Lot Details & Additional Photographs
Oil on canvas laid on board, signed and dated 1892 at lower left, presented in a period gilt frame (likely original).
Panel 22 x 24 in.; Frame dimensions 33 x 34 1/2 in.From a North Carolina Collection
Elliott Daingerfield was born in Harpers Ferry, Virginia and grew up in Fayetteville, North Carolina. In 1880 he moved to New York City. For the next several years he studied under Walter Satterlee and taught in his still-life classes. He also exhibited at the National Academy of Design and studied at the Art Students League. In 1884 he moved to the Holbein Studios where he befriended George Inness, who would greatly influence the young Daingerfield.
Daingerfield first visited Blowing Rock, North Carolina in 1886 to recover from a severe case of diphtheria. Mesmerized by the mountains of North Carolina, he would spend most summers for the remainder of his life in Blowing Rock. He and his family built two grand summer homes in the community, Windwood and Westglow.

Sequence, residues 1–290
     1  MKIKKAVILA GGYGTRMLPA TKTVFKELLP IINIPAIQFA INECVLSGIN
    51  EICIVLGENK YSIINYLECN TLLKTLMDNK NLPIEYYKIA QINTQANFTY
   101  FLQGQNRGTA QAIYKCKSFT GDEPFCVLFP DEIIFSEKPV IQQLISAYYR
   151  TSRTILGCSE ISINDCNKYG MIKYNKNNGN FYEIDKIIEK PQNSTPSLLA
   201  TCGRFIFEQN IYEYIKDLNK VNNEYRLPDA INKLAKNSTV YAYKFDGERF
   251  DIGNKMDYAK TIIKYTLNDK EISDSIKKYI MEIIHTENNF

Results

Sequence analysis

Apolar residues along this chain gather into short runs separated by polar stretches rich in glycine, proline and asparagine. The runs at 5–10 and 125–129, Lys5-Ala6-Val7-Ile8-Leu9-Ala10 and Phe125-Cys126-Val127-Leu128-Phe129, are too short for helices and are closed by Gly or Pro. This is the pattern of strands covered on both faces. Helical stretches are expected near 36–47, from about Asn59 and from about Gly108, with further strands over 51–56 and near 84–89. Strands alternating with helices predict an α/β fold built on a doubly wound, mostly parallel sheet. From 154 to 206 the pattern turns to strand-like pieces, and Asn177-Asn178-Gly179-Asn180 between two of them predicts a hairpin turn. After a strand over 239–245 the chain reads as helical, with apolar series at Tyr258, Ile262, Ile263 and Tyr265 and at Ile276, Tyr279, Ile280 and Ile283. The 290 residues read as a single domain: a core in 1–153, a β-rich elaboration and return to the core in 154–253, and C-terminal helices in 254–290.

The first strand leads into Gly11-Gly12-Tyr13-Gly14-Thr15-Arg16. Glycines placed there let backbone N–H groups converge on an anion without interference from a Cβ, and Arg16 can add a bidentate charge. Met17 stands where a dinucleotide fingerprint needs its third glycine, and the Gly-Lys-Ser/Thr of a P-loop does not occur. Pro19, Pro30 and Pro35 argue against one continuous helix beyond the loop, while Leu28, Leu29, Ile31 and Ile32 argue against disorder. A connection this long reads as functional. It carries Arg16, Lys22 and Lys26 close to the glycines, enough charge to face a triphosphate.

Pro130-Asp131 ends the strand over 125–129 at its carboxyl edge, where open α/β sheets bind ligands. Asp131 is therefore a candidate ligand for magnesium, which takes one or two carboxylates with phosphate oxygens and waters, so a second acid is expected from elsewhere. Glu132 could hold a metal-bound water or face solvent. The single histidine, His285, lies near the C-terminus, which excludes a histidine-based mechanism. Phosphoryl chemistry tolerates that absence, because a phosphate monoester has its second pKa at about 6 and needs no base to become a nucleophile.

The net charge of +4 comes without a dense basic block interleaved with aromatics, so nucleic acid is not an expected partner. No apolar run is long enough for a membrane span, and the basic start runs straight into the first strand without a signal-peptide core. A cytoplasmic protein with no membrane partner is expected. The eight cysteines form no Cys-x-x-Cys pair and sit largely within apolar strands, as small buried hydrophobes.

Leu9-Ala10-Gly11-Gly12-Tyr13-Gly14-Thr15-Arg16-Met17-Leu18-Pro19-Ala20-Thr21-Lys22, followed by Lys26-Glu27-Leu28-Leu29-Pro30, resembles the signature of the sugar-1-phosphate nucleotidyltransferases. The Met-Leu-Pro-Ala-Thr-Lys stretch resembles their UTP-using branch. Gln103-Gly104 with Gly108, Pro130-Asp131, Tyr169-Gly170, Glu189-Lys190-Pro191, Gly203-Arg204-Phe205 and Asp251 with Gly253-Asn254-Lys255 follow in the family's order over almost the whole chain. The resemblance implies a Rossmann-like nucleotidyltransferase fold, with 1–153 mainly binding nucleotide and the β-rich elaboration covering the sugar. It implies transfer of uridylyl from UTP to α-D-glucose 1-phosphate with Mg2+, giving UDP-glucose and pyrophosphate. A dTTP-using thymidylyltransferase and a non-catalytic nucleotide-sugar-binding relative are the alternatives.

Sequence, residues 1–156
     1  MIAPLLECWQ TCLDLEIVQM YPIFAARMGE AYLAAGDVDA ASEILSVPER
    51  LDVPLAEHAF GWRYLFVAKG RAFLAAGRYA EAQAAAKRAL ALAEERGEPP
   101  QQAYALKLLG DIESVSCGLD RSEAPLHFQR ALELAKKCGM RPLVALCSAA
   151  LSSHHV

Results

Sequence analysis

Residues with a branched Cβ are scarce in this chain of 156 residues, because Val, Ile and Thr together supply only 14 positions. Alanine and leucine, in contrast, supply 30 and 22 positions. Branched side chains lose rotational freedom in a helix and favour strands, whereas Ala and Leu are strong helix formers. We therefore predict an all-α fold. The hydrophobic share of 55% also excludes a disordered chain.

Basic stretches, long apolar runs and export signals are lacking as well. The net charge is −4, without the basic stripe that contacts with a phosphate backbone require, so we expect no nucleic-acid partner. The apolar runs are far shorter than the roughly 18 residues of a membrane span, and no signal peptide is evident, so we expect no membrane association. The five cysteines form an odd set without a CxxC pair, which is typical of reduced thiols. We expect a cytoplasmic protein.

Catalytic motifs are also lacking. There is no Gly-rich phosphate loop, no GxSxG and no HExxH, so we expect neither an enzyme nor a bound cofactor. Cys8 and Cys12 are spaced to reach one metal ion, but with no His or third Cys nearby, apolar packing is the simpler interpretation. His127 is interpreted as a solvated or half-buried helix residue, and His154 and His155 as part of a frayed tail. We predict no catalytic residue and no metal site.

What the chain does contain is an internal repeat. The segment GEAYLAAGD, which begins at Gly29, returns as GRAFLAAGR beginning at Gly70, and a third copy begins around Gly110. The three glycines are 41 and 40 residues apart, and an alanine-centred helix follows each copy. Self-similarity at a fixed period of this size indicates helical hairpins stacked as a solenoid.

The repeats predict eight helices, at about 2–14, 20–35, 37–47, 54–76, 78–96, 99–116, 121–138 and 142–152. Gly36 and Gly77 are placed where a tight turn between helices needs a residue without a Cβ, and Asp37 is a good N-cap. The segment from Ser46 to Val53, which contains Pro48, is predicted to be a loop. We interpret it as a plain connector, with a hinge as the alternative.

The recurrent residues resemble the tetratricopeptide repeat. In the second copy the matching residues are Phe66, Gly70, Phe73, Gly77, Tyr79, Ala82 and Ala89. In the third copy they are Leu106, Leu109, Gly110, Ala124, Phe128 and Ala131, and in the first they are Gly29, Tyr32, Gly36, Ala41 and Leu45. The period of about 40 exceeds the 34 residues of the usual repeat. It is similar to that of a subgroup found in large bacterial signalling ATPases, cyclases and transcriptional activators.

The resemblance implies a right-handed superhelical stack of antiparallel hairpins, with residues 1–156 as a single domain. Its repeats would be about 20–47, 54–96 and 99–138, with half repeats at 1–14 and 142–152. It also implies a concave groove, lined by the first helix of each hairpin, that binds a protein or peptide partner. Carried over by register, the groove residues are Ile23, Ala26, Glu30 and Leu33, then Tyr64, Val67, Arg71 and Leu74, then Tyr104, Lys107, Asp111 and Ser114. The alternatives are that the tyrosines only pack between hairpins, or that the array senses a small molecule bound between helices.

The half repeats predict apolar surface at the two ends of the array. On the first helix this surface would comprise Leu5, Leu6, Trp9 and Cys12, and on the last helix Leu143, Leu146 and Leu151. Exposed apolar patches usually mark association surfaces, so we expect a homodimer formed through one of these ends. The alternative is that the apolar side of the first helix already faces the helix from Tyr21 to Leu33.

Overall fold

Back in New York, Daingerfield was a burgeoning art star. He exhibited frequently, included in exhibitions at the National Academy of Design and the Salmagundi Club. In 1910 he was commissioned by the Santa Fe Railroad to paint scenes of the Grand Canyon. He traveled west again a couple of years later, this time with his family, in 1912 to paint additional Western landscapes. One of these, Trees on the Canyon Rim, was exhibited at the Corcoran Gallery in Washington, D.C. Both his western landscapes and his religious scenes were highly sought after by contemporary collectors.
Elliott Daingerfield’s paintings are in numerous prominent collections including the Metropolitan Museum of Art, National Academy of Design, Smithsonian American Art Museum, The Johnson Collection, Spartanburg, South Carolina, and the North Carolina Museum of Art, Raleigh.
$15,000 - 20,000